Made in Chicago shop offers local fashion for every shape, size
By Jessica Sedgwick firstname.lastname@example.org June 13, 2012 7:30PM
A brand new retail store called Made in Chicago (presented by AIBI), features all Chicago designers. Killion is a women's fashion brand built on modern spirit by Dana Killion. | Al Podgorski~Chicago Sun-Times
MADE IN CHICAGO
PRESENTED BY AIBI
Where: The Shops at North Bridge, 44 E. Grand
Hours: 10 a.m. to 7 p.m. Monday-Saturday; 10 a.m. to 6 p.m. Sunday
Launch party: 5 to 9 p.m. Friday (free, open to the public)
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Updated: August 13, 2012 1:45PM
As I walk the Made in Chicago shop — a space reminiscent of the doctor’s office it once was — busy designers hide in small “examination rooms,” working tirelessly to turn their spaces into mini boutiques.
The finished shop opens Saturday at 44 E. Grand and is presented by the Apparel Industry Board Inc. (AIBI), a non-profit group that has mentored local designers for 25 years. AIBI held a temporary Made in Chicago pop-up shop in December, but this is the group’s first permanent store. It features a diverse group of people — with fashion experience ranging from 20 years to two.
“We can’t give them talent,” says AIBI director Marsha Brenner. “They have that already. What we can do is give them the skills to stay in business.”
Among the 16 collections featured in the shop: A line devoted solely for biker chicks; jewelry made from mid-century watch fobs; skirts created for the “pear-shaped woman;” and a dress designed for Michelle Obama (though she may not be aware).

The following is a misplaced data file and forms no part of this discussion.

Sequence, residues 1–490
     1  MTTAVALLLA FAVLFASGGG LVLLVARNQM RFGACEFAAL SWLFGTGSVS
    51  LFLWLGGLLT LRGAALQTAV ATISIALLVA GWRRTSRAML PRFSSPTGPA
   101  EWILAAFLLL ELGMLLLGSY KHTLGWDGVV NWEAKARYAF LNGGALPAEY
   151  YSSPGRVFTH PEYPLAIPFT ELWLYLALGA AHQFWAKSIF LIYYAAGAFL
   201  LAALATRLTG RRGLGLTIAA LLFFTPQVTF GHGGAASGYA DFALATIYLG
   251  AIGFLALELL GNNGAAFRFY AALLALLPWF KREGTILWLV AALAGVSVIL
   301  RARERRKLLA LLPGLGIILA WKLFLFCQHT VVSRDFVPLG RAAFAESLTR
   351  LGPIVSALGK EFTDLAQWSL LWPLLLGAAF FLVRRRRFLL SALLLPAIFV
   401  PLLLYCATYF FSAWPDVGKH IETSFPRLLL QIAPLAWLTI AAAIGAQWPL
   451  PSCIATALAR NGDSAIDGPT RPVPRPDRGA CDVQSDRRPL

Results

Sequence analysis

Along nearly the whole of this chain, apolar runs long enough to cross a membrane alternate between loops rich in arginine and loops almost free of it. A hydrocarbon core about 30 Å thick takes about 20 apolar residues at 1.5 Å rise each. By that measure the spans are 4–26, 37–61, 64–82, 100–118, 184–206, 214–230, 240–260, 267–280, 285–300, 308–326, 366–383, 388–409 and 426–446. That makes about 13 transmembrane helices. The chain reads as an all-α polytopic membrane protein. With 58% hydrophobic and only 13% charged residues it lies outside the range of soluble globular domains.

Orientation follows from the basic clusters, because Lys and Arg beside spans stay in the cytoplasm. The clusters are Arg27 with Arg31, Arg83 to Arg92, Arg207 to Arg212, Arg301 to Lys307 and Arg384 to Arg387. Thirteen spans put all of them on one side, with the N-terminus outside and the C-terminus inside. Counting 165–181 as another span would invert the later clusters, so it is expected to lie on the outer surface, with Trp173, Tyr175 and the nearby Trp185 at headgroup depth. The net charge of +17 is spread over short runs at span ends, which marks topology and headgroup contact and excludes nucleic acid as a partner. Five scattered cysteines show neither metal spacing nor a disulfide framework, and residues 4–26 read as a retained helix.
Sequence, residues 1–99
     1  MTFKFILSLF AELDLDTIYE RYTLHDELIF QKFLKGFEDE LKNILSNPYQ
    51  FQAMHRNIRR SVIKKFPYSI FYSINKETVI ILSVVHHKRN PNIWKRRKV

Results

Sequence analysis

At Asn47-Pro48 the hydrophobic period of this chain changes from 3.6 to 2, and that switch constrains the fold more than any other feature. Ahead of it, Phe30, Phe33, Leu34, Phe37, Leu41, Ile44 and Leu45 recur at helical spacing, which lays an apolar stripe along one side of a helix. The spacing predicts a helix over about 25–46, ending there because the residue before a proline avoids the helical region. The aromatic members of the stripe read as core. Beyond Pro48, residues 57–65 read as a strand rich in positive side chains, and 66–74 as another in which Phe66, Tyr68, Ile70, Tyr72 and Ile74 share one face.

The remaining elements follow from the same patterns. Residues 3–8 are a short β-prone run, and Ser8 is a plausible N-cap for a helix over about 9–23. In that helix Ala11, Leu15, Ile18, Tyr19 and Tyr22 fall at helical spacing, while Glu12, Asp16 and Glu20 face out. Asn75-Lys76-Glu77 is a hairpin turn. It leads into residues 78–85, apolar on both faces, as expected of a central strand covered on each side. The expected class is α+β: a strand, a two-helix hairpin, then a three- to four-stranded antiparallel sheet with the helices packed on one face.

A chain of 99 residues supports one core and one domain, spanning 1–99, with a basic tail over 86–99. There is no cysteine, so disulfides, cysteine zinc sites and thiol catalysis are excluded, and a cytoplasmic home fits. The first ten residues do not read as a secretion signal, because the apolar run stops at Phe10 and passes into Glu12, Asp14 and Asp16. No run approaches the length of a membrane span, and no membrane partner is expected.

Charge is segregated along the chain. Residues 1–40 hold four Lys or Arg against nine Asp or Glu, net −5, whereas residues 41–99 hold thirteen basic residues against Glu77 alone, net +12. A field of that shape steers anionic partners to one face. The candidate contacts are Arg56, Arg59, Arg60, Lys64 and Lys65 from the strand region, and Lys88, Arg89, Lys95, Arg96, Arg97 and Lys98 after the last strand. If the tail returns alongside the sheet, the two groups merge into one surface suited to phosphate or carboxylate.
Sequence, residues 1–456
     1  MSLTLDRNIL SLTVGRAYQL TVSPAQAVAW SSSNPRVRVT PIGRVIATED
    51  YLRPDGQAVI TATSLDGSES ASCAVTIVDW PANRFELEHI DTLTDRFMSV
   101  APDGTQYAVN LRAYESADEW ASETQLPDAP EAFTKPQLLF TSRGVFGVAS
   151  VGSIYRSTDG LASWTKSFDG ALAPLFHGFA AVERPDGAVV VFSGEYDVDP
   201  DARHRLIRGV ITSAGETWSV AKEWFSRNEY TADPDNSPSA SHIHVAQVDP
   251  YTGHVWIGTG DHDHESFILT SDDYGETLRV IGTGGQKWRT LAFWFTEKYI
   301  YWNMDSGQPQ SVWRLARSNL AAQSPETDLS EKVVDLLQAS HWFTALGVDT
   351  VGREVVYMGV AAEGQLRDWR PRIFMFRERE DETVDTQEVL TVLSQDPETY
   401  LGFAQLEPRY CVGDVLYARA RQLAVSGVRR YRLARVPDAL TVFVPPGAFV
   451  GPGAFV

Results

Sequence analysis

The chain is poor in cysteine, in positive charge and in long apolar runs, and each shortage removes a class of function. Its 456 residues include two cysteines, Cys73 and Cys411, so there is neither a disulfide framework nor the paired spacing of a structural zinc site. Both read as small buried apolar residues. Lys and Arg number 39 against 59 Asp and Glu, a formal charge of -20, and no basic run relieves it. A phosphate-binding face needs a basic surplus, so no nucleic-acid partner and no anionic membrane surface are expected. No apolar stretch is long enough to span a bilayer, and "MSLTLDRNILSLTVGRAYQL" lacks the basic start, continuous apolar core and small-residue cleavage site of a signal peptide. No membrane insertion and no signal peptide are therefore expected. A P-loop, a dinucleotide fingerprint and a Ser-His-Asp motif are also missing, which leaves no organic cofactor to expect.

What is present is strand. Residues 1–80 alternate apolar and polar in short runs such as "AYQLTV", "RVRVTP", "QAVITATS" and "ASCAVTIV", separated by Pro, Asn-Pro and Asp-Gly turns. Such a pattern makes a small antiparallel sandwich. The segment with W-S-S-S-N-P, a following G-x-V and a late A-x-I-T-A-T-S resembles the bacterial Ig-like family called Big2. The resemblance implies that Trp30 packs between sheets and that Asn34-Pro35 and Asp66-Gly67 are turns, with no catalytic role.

Here are several highlights:
fourth is king
Possibly the hippest brand of the bunch, Jay Byrne’s Fourth is King offers streetwear with a focus on comfort and simplicity. The colorful T-shirts (all $34) feature very cool graphics, designed by Byrne, and are perfect for layering under a cardigan or hoodie.
The most high fashion of the collections, Killion features gorgeous separates from designer and Lincoln Park shop owner Dana Killion. “I created the collection to show off what fashion in Chicago is about,” says Killion. “It’s about shape for me, more than pattern and color.” Pieces range from $120 to $350.
A Chicago designer for 19 years, Lein has dressed politicians such as including Maria Pappas and Anita Alvarez. But she’s aiming a little higher with a sleeveless “Michelle” dress, named after the first lady. “She loves arms and we want her to wear this dress,” says Lein.
The colorful room full of itty-bitty fashion from Blanca Bitca looks like a live game of Candy Land. The styles for girls run from $35 to $150.
You may have seen Takara Beathea-Gudell’s dresses and tunics (such as the “Judith,” $128, which she models above) in her shop Takara, 123 Marion St. in Oak Park. For 20 years, she’s created for “real women with real sizes,” and is inspired by the architecture of Chicago. “I look at a building, and I think, “how can I put that upside down and make it into a dress? Turn it, flip it and add sleeves!”
This Margarita Skirt, $98, is a playful take on the refreshing beverage from designer Kathryn Mc-Kechnie, who’s made it her mission to design for the “pear-shaped” girl. Sizes range from 0 to 20, and most of her dresses and skirts are less than $125.
A seemingly innocent art class at the Lill Street Art Center led Ann Chikahisa to ditch her career in the corporate world and become a full-time jewelry designer. “It took over my life. I took a leap of faith, jumped off a bridge and here I am,” Chikahisa says with a laugh. “I’m sort of swimming — sort of.” She uses silver and gold vermeil to create dramatic and sophisticated pieces. Rings start at $85; others run from $125 up to $1,200.
This edgy line of female motorcycle and scooter apparel from Denise L. Maple may have you itching to hit the open road. A definite standout (which includes plus-sizes) is a T-shirt with a motorcycle infused with the Chicago flag ($29.99)
What do you do when you retire from a career in radio? You design necklaces made from mid-century watch fobs. Anne Maxfield, a former on-air personality at WSCR the Score and WGN-AM, repurposes vintage pieces from the mid-1800s to the mid-1900s to create one-of-a-kind jewelry. Prices range from $115 to $165.